Japanese Udon Noodle Soup

Chow on 01.25.11
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I'm a sucker for any type of noodle soup, I've been known to even sneak an instant ramen for a midnight...er...3am snack!

Udon noodles are thick, hearty, wheat-based Japanese noodle. You can find udon dried or fresh in shrink-wrapped package. They last quite a long time fresh in the refrigerator, so it's convenient to pluck a package out and make udon noodle soup with it.

THis recipe is from Kansha: Celebrating Japan’s Vegan and Vegetarian Tradition by Elizabeth Andoh, one of the very best cooking teachers and authors for Japanese food. It's beautifully illustrated and one of my favorite cookbooks of 2010.

Recipe printed with permission from:

Japanese Udon Noodle Soup Recipe

Kansha: Celebrating Japan’s Vegan and Vegetarian Tradition

by Elizabeth Andoh Published by Ten Speed Press

serves 4

3 or 4 large dried shiitaké mushrooms
3 cups water
11/2 ounces daikon tops, kale, or other leafy greens, loosely tied in a bundle with kitchen twine
3 sheets thin fried tōfu (page 282)
4 ounces fresh mushrooms, preferably maitaké (page 272), trimmed and hand shredded into 1/2-inch lengths
1 teaspoon sugar
1 tablespoon saké
1 slender carrot, about 2 ounces, scraped and cut into matchsticks
2 ounces daikon, scraped and cut into matchsticks
1 tablespoon mirin
1 tablespoon light-colored soy sauce
2 sheets hoshi yuba, softened (page 261) and coarsely shredded, or 1/4 cup finely broken hoshi yuba (1/4-inch bits)
11/2 teaspoons soy sauce
1 tablespoon cornstarch
2 tablespoons cold water
Cooked udon noodles, for serving hot (page 55)
1 tablespoon grated fresh ginger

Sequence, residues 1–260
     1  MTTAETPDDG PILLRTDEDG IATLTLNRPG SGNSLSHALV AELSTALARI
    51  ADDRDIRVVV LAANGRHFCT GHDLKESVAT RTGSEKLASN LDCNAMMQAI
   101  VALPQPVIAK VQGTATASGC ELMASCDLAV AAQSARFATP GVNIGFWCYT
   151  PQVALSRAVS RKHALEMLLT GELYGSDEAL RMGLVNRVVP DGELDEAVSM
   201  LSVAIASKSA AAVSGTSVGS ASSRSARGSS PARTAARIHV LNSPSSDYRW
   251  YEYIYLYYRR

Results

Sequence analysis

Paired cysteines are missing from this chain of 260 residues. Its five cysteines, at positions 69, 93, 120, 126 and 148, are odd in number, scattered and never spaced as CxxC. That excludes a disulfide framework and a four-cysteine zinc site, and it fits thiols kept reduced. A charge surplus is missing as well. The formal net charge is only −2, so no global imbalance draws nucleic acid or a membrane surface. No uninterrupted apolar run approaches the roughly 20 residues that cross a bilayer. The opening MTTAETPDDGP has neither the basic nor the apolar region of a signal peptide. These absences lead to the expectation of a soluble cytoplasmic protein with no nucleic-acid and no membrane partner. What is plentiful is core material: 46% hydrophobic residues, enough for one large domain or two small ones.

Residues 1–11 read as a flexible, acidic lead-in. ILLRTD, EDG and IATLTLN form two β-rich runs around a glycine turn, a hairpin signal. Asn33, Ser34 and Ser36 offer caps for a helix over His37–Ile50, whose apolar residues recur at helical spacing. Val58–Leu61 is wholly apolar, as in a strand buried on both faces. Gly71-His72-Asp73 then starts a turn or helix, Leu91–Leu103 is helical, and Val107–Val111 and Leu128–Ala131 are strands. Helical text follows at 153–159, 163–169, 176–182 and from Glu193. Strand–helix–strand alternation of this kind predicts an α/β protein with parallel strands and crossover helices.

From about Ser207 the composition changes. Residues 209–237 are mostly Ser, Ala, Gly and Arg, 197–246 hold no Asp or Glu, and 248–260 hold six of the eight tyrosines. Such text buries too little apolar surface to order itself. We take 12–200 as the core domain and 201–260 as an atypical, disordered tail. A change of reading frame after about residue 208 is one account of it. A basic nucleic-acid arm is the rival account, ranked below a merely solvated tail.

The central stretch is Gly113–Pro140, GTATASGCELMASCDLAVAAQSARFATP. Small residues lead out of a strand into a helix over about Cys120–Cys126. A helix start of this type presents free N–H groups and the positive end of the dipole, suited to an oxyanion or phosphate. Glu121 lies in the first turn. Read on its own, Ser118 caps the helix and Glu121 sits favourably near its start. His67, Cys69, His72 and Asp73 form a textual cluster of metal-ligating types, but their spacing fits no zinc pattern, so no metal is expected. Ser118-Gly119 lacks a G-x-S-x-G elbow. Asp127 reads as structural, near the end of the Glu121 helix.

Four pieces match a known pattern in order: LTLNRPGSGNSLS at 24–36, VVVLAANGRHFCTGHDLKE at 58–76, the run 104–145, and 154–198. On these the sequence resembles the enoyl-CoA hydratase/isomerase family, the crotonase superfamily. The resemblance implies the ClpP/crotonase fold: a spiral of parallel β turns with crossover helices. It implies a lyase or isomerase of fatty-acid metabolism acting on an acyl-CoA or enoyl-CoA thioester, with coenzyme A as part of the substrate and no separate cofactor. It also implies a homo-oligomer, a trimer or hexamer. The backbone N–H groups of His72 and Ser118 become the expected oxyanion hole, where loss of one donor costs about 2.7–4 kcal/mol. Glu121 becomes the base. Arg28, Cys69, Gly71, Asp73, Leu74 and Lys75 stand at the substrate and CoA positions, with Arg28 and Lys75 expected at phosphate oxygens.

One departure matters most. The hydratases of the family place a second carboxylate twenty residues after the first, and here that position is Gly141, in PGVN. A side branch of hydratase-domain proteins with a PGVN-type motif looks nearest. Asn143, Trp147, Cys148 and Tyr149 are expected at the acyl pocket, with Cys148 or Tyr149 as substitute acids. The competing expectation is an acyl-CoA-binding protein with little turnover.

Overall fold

Extract a stock from the dried shiitaké mushrooms: Break off the stems and set them aside for making stock on another occasion. Here you are using only the dried shii¬také caps to make a stock (and to cook later with the other vegetables). Soak the caps in the water in a bowl for at least 30 minutes and preferably for 1 hour or more. Remove the caps from the water and rinse them to remove any gritty material, then squeeze gently. Pour the soaking water through a fine-mesh strainer (or disposable coffee filter) into a clean bowl to remove unwanted bits that may have settled at the bottom of the bowl. Set the stock aside. Slice the dried shiitake caps into very narrow strips.

Bring a small saucepan filled with water to a boil. Blanch the bundle of leafy greens for 30 seconds, or until they wilt and turn a vivid green. With long chopsticks or tongs pull them from the pot and set aside. Blanch the tōfu slices in the same pot for 1 minute, or until oil swirls on the water’s surface. Drain, cut each slice lengthwise in half, and then cut each half crosswise into short, narrow strips. Blot away excess oil from the strips. When the greens are cool enough to handle, squeeze out excess moisture, chop coarsely, and set aside.